If you grew up in the early 90’s...
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you likely remember at the very least hearing about the Tupac vs. Biggie Smalls rap beef. If you’re a hip-hop fan and grew up in the early 90’s you likely also remember conflicts like Ice Cube vs. Eazy E and the rest of NWA. If you’re from the late 90’s/early 2000’s you witnessed the end of true rap beef. That’s right, the end of true rap beef. However, before we can talk about the end, we need to explore the beginning. See, the whole concept actually stemmed from something a lot more simple, competition.
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The seed for what we know today was planted in the early 1970’s in the Bronx. When breakdancing and other forms were brought out to the streets, people flocked and joined in on the fad. As it became more common and some perfected their craft, others decided to challenge and hold “break-offs” and almost immediately the concept of being the best was one that a lot of people focused on. Street blocks, warehouses, basements, etc. would be cleared out, then filled with spectators to witness these competitors show their prowess head to head. Everybody wanted to be known as the best for the sheer respect and boost of pride that comes with any top spot.
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Now, if you have ever seen the movie Juice, then you already know about the second chapter in the timeline; the magic behind the music. DJs (Disc Jockeys) quickly gained the spotlight and competitions were held often. Here is where the top local DJ’s would duke it out head to head for an allotted amount of time to see who was the best. With this title came respect, attention, and opportunity. Just as before, everybody wanted it. It was around this time that more attention was being paid to these competitions. Radio shows and hosts were getting involved (even hosting) and rewarding the top prize winner some air time or cash prizes. These things could launch a young aspiring DJ’s career, even more reason for everybody to fight to be considered the best. Along with this new motivation and more intense competition came friction, and the top spot became something a little more personal.
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When hip-hop was ready for something new is when the focal went to vocal and MCs (emcee, Master of Ceremonies, Microphone Checker, etc.) took the stage. This is when hip-hop became verbal and people were able to express themselves directly using their own words and opinions to gather fans and support. Artists like Grandmaster Flash, Run D.M.C., Sugarhill Gang; were all some of the earliest and most positive to run the game. Using their spotlight, these and other early artists used hip-hop to reach their audiences and show the everyday trials in inner-city life, as well as uplift their common man with upbeat songs with catchy choruses and tempos. Now don’t be fooled, even artists like MC Hammer had their own beefs, but few as serious as the later years to come.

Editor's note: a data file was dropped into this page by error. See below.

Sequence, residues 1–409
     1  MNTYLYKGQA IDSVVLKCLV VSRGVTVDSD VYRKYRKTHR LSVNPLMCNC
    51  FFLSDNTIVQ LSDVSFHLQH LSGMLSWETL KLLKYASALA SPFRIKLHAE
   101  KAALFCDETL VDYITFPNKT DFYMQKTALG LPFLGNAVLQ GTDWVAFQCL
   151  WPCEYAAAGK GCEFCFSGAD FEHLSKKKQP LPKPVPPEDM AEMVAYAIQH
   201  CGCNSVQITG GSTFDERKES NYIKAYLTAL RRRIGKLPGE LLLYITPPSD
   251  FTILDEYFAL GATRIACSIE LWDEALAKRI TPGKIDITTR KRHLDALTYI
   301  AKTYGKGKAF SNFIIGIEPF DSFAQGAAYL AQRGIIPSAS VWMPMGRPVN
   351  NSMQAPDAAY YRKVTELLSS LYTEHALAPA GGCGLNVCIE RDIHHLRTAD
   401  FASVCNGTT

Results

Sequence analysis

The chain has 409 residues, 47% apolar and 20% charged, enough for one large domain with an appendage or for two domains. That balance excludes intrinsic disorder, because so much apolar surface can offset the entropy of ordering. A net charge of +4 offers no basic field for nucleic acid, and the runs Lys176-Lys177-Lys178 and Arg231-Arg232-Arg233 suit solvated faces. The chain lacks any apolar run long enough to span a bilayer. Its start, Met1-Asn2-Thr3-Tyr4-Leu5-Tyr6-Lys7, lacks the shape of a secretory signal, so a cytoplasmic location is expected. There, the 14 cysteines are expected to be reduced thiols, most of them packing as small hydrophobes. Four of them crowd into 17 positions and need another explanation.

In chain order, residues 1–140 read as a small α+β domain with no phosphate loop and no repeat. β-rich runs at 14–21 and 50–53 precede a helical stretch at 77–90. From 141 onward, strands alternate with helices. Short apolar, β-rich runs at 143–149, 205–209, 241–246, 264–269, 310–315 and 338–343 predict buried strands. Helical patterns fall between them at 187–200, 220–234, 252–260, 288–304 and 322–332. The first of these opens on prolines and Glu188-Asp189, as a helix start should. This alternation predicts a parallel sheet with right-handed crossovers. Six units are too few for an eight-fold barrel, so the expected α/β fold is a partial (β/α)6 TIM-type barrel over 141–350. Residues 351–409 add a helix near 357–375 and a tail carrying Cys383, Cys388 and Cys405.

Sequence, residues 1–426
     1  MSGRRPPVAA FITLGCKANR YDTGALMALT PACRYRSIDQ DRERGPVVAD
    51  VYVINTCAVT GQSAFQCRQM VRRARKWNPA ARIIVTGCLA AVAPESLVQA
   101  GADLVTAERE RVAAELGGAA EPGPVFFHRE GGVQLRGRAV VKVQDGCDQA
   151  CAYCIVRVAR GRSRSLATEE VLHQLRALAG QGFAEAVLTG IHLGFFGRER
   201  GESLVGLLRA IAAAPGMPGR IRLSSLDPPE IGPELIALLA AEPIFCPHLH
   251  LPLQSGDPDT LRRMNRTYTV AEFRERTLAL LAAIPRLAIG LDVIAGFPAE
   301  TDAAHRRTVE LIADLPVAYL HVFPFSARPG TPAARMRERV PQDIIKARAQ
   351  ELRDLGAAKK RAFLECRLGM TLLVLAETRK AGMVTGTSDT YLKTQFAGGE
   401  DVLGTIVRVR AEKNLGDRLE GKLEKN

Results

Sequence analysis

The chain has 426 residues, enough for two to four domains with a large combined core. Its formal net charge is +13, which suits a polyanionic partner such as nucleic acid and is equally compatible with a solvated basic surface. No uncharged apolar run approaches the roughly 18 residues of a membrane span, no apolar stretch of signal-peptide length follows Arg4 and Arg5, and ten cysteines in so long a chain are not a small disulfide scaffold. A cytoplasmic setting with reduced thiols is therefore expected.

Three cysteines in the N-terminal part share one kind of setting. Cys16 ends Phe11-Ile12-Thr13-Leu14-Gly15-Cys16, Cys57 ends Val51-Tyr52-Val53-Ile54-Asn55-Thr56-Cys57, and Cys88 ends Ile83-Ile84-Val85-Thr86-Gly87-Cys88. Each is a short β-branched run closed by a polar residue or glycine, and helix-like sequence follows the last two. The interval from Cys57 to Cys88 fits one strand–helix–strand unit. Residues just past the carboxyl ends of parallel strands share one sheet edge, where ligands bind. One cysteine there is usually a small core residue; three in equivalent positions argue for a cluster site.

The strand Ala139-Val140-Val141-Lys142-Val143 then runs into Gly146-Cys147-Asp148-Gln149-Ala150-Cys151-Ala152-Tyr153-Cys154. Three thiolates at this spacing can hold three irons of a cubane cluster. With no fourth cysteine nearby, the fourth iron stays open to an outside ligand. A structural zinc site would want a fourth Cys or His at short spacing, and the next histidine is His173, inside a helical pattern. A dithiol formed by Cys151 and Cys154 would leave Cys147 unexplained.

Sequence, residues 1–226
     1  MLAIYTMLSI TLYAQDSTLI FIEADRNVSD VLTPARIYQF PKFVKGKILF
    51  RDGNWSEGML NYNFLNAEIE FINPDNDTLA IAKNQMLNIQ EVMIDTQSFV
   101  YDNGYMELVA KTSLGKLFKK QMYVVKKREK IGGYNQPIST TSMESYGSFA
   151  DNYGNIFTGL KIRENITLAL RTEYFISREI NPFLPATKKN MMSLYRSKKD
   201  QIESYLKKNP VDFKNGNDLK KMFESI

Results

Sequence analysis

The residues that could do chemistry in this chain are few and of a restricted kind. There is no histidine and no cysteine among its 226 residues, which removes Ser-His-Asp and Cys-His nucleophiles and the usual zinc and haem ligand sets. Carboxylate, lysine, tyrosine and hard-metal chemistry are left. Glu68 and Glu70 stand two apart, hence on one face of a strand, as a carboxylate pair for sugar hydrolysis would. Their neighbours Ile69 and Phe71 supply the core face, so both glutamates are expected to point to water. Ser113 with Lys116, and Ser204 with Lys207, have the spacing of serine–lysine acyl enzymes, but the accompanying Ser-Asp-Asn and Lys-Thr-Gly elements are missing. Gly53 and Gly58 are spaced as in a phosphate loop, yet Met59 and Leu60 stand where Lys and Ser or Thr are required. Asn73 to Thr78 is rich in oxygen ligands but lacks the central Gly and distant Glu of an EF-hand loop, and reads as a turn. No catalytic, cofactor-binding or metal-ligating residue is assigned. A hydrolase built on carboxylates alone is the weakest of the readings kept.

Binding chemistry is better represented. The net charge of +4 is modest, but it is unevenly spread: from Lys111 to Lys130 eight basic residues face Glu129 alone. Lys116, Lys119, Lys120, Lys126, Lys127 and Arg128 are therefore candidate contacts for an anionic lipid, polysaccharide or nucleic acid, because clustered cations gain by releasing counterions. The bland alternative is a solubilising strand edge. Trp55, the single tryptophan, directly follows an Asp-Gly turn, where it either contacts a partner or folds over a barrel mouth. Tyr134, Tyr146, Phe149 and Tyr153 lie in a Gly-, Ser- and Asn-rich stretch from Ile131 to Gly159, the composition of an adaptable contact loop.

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Hip-hop quickly became rap and then even quicker became gangster rap at the end of the 80’s, and beginning of the 90’s with artists like Ice T, Public Enemy, NWA, Ice Cube, Big L. Nas, and more hitting the surface and the charts quicker than ever. These artists and many more brought the initial rough, rugged, hostile and dangerous act to the hollywood surface; and with exposure like that, there will always be people who want to try you and ruin if not take what you have built for yourself. A very popular example of early rap beef is seen in the movie Straight Outta Compton soon after Ice Cube parts ways with his group NWA over a disagreement and miscommunication with his label manager and group about royalties. Cube left the group and began releasing solo records. The crew didn’t appreciate that and thus added a few lines on their EP “100 Miles and Runnin’” where Dre has some direct yet vague lines in a song.
Both parties released a few songs targeted at each other one specifically where Ice Cube is called a benedict arnold among many other things and is actually called out by his birth name “Oshea.” Cube then responded by releasing the song “No Vaseline” which had direct references to the group as well as verbal battery and low blows. This was a direct shot at the group and the direction they were headed which is why he left originally.
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Skip a few years ahead and we stand in the middle of one of the most devastating feuds to ever hit music; The Notorious B.I.G. vs. Tupac Shakur. Unfortunately, What began as a close friendship left us in a musical hiatus without two of the best rappers to ever touch a microphone. When Tupac was shot in a recording studio in New York with Biggie present, he assumed he had involvement and the beef began. Tupac then did time in prison and released the legendary diss track “Hit Em Up” aimed directly at Biggie and his affiliates when he got out. The Notorious returned with the track “Who Shot Ya” and the debate was on, who was better? As we know, the beef ends with both rappers being shot and killed, a tragic end for two of the 90’s biggest stars.